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Someone mentioned the special snowflake effect inverted, that if a game world was mostly catfolk would people play humans? The answer is yes. I tried running a variant fantasy anthro campaign using Palladium's TMNT and Fantasy before. The player that always wanted to pay an oddball wanted to play a human that was dimensionally transported into the world that never saw humans before; and was the only time he wanted to play a human.
Yeah, there are some people who's ideal is playing something that's different from everything else, regardless of what the "everything else" is.
Blast Hardcheese.Big McLargeHuge.
It probably tells you something about me that not only did the implications not register when I read through the actual 231 article a few times, but it took a handful more rereadings of both the article and your post to actually get what you were implying.
I think you're doing something to confuse yourself. It's perfectly crystal clear for me: he understands how attacks and saves work, and is altering skill checks to match, but making a slight variation so that instead of automatic success/fail, it's simply a nudge in one direction or the other.
He hasn't stated if it applies to attacks and saves as well because 1.) nobody asked, and 2.) because that's not what this discussion was about, it was about his skills houserules. (Well, once it stopped being about crazy goblin fun.) I think your comment about "follow up sentences" is a result of you assuming an implication where none was intended.
You put in a 1=-5 rule and 20=+5 rule so that the 1 auto failure and 20 auto success don't apply.
Here is where your supposition is incorrect.
He put them in BECAUSE the auto fail/success don't apply. And he WANTED some kind of enhanced failure on 1s/enhanced successes on 20s, but not to go so far as making it completely automatic.
We don't care for this complete disparity (between Attacks and Saves having 1 autofail/20 autosuccess and Skills not), but we don't want 1's to be auto-fails either, so we go for a middle ground, where a 1 is painful, but not an automatic fail, and a 20 is awesome, but not an automatic success.
No fair! You said I could have the next one!
I did and it was good. Also my sinuses are so very clear now.
Yeah...you might want to avoid 231 completely, then.
Funnily enough, after reading it, 231 didn't really seem to bug me.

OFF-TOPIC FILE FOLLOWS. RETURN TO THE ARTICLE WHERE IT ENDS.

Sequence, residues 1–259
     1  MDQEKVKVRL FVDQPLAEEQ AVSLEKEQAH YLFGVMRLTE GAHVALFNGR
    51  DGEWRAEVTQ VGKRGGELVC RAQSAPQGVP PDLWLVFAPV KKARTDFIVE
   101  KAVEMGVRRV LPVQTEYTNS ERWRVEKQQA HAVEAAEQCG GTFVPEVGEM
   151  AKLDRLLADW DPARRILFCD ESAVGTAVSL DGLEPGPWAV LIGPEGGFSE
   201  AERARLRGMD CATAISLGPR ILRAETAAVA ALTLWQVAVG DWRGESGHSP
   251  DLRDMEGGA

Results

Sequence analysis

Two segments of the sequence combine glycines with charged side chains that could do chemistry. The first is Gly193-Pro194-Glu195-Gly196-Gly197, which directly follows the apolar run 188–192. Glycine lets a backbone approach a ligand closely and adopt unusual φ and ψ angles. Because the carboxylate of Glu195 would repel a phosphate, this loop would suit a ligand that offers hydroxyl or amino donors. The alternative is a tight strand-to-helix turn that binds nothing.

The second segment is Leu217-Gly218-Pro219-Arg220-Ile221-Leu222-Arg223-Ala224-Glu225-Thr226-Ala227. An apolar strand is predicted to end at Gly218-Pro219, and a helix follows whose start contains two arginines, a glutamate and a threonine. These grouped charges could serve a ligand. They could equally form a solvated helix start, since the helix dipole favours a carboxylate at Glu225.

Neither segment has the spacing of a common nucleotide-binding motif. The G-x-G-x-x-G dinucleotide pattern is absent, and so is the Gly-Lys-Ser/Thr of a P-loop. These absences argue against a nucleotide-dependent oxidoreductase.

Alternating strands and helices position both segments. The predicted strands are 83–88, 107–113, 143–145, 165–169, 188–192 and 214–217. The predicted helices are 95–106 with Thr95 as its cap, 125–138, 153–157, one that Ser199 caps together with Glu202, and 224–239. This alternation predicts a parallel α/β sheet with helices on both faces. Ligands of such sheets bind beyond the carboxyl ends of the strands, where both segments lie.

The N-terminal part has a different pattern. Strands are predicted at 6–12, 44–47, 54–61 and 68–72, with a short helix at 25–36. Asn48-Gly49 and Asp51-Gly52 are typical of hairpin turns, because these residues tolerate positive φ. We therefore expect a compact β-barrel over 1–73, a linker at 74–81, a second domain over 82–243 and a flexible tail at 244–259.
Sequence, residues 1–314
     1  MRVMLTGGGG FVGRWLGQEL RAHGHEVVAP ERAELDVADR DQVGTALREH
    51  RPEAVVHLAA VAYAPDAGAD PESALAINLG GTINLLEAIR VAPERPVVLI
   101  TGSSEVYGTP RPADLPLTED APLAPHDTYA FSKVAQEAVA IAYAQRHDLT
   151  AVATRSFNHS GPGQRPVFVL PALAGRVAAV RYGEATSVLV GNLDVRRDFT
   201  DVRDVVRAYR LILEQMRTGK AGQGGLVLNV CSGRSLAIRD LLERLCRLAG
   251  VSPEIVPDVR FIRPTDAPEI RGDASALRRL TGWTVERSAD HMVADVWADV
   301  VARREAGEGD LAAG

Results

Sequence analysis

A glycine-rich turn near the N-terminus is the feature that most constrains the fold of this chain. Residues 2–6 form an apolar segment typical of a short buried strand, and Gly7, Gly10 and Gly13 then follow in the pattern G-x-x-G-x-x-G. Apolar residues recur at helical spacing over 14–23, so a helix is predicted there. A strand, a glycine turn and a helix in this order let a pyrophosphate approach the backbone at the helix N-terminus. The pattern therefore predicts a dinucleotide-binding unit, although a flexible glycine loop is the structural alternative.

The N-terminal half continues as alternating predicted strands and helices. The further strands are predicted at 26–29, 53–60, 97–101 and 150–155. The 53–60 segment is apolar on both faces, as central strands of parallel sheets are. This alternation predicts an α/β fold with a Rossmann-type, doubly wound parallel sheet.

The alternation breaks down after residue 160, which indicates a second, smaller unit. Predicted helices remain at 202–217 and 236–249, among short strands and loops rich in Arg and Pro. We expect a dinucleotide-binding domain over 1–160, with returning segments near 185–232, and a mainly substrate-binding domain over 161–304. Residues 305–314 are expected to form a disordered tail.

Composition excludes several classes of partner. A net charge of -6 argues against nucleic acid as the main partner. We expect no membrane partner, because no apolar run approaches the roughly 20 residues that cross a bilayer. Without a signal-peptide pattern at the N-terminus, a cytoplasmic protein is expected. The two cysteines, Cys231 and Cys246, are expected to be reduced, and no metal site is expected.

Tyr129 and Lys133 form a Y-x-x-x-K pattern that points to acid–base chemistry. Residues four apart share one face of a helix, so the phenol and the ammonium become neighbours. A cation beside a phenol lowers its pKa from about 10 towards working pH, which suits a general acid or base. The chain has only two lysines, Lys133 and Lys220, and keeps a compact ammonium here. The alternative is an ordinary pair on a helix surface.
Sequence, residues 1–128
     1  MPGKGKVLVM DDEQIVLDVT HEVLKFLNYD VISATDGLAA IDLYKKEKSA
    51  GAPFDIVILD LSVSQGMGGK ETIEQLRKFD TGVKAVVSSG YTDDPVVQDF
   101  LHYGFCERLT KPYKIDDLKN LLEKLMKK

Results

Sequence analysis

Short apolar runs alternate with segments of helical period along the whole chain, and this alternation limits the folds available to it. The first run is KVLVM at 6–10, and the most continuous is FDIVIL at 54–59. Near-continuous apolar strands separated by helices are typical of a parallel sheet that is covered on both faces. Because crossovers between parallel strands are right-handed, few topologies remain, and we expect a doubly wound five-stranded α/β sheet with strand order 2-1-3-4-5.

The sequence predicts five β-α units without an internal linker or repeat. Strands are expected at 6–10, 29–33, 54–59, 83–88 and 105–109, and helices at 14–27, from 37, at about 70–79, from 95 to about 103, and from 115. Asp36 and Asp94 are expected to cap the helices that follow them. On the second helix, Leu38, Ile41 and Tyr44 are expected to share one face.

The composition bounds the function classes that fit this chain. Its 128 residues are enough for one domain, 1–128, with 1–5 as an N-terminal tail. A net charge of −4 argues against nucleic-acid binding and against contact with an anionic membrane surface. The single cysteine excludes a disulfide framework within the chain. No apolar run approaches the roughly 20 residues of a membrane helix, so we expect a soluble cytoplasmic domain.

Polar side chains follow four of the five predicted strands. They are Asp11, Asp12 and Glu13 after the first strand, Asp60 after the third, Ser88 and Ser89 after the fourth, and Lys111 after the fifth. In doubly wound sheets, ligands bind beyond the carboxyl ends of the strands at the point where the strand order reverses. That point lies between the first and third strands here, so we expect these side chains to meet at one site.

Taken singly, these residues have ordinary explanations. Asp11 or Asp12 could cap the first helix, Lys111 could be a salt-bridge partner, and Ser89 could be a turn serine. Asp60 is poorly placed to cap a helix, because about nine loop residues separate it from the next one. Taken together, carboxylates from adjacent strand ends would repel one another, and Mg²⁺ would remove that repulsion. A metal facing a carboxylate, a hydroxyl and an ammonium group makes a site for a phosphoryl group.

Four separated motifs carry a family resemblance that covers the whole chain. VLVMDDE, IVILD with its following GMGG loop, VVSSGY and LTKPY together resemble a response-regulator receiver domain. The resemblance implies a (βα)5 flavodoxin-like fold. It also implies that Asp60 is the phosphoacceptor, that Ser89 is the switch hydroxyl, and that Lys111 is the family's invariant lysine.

Spoiler:Unless there's some subtle horror about it I'm missing?
I mean, it's certainly terrible that this poor woman is impregnated with some horrible world-ending star-spawn, but it's hardly something that will keep me up at night.
Off the top of my head, the one that bothered me the most was the "Shyguy" - the bizarre little critter that lived in the Himalayas that suddenly turned murderous and would chase you FOREVER if you ever saw its face. And the part that was the creepiest was that apparently tons of people might have been exposed because its face took up two freaking pixels of a photograph posted somewhere publicly - to the point where you couldn't even make out that something was actually there.
But it knew. And it would find you, even if it had to chase you across the entire planet. And it would kill you. For no other reason than you happened to have "seen" its face.
On the other hand, the room that animated chairs which then demanded people sit on them is one of the more amusing ones.
Artemis Moonstar wrote:
First off, *slow clap*
Second off, while I agree in concept, as far as the 4E rules go - based on my fairly-limited playing of a 4E Rogue on the weekend it came out and not touching the system since - I seem to recall the pool of weapons that one could make sneak attacks with being extremely, extremely limited. I think it was basically short blades (dagger, shortsword, kukri, rapier, etc.) plus crossbows, shortbows, and a very small array of throwing weapons (I think throwing knives, darts, and shuriken).
The actual game rules straight up said that using anything else - any blunt weapon, any bigger weapon, etc. etc. etc. - simply made sneak attack fail. You did normal weapon damage and nothing more. Apparently according to 4E's designers, any weapon other than that very exclusive pool just wasn't sneaky enough to hit the tender bits.
Yeah, some of the stuff I see on SCP is cool, but I have to be careful with it - especially what I read and what time I read it - or I end up giving myself trouble sleeping.
It's a riff on "copypasta", an internet-meme-ized rendition of "copy-paste".
Sorry. *points matches somewhere else*
Alex Martin wrote:
Which is pretty par for the course for OOTS.
I gave a never-ending flagon of ale to a dwarf character in one game I ran, it filled with the liquor of his choice on command. He got into the habit of his first question whenever he met some new NPC or interrogated a villain being "What is your favorite kind of ale?" And then taste-testing it before continuing, apparently at least partially judging their merits on their choice of alcoholic beverage.